Tunisian-German couple in court over ‘ricin attack plot’

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Defendant Sief Allah H. (C) covers his face as he arrives in a courtroom of the higher regional court in Duesseldorf, Germany, 07 June 2019. (EPA)
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Defendant Yasmin H. arrives in a courtroom of the higher regional court in Duesseldorf, Germany, 07 June 2019. (EPA)
Updated 07 June 2019

Tunisian-German couple in court over ‘ricin attack plot’

  • Sief Allah H., 30, and his wife Yasmin, 43, were arrested a year ago by an anti-terrorist squad that found 84 milligrams of ricin in their Cologne apartment
  • The pair had allegedly researched various forms of explosives before deciding on the deadly poison

DUSSELDORF: A Tunisian man and his German wife went on trial Friday, charged with planning a foiled biological bomb attack in Germany with the deadly poison ricin.
Sief Allah H., 30, and his wife Yasmin, 43, were arrested a year ago by an anti-terrorist squad that found 84 milligrams of the toxin in their Cologne apartment.
The arrests likely prevented what would have been Germany’s first biological attack, said Holger Muench, head of the BKA Federal Criminal Police Office, at the time.
Federal prosecutors said the couple had “for a long time identified with the aims and values of the foreign terrorist organization Islamic State.”
They decided in 2017 to detonate an explosive in a large crowd, “to kill and wound the largest possible number of people,” said prosecutors ahead of the trial in Duesseldorf.
Chief prosecutor Verena Bauer told the court the couple had planned to build a bomb with ricin and steel balls, and that they had purchased “nearly all the required parts” for the explosive.
Lawyers for the defendants said the accused did not plan to make statements in court.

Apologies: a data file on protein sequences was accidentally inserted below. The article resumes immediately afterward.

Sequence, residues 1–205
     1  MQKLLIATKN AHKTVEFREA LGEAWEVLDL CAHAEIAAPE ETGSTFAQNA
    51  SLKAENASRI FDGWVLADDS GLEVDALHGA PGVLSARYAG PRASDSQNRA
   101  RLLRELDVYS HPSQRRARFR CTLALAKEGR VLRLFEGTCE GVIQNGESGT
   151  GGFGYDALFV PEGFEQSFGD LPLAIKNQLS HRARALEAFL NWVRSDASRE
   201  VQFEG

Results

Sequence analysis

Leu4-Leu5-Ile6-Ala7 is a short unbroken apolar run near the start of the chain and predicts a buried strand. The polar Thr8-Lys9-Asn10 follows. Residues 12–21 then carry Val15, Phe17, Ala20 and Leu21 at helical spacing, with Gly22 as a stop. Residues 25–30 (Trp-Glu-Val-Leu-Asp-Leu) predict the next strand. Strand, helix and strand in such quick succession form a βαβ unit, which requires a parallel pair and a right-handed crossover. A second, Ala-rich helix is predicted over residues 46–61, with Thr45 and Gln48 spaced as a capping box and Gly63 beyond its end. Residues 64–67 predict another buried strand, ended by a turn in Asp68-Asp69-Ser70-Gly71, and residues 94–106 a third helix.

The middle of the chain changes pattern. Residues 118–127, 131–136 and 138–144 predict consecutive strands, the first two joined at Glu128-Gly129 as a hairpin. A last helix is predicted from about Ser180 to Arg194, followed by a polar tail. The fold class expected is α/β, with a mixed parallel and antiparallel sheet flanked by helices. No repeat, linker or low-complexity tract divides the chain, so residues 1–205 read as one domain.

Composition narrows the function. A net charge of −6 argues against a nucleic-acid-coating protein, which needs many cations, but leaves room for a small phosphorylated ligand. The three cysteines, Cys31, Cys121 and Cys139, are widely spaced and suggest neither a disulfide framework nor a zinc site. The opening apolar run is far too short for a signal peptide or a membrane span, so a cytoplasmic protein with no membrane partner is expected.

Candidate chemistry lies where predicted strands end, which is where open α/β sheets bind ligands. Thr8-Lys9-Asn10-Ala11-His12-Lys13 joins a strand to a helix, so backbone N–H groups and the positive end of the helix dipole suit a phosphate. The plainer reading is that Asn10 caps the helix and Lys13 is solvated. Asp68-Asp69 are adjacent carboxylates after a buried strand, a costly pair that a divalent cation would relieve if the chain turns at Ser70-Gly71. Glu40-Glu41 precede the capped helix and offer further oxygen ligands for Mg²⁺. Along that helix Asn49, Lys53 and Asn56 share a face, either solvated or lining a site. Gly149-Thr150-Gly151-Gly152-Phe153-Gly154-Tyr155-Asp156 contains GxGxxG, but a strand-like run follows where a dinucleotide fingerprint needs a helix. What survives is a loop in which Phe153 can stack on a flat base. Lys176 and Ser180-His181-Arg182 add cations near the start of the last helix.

Sief Allah H.’s defense meanwhile filed a motion against judge Jan van Lessen, claiming bias.
The pair had allegedly researched various forms of explosives before deciding on the deadly poison.
They ordered 3,300 castor beans over the Internet and successfully made a small amount of ricin, a poison 6,000 times more potent than cyanide that can kill if swallowed, inhaled or injected, according to prosecutors.
Investigators also found 250 metal balls, two bottles of nail polish remover as well as wires soldered on lightbulbs.
Only the raid and arrests prevented “the production of a larger quantity of ricin and the building of an explosive,” said prosecutors.
The couple were caught after a tip-off from the US Central Intelligence Agency, which had noticed the large online purchase of castor seeds, according to German media reports.
News weekly Der Spiegel has reported that the couple were believed to have already been radicalized when they met online in 2014.
Sief Allah H., a former street vendor and laborer in Tunisia, in 2015 married Yasmin H., an unemployed doctor’s assistant and mother of seven children from four different fathers, the report said.
The husband had been in contact with extremists and tried twice in 2017 to travel to Syria via Turkey.
His wife helped him with flight and hotel bookings, but both trips failed.
Sief Allah H. also volunteered to help Daesh in their propaganda work, and did so in early 2018 by publishing material of the extremist group online, said prosecutors.
Later, the couple decided to prepare an attack in Germany itself, and also bought a hamster to test the potency of the ricin.
“Very concrete preparations had been made for an act with a ... biological bomb, which is a first for Germany,” said Muench.
If convicted of the charges of serious violence endangering the country, the defendants could each face up to 15 years in jail.
Two suspects were also arrested in August last year in Tunisia in connection with the case.
Germany, Europe’s biggest economy, remains on high alert after several deadly attacks claimed by Daesh.
The worst attack, a 2016 truck rampage through a Berlin Christmas market by Tunisian asylum seeker Anis Amri, claimed 12 lives.
The trial is expected to last until the end of August.


Afghan president vows to crush Daesh after deadly Kabul wedding strike

Afghan President Ashraf Ghani attends a state ceremony for the Afghan Independence Day in Kabul on Monday. (Reuters)
Updated 44 min 3 sec ago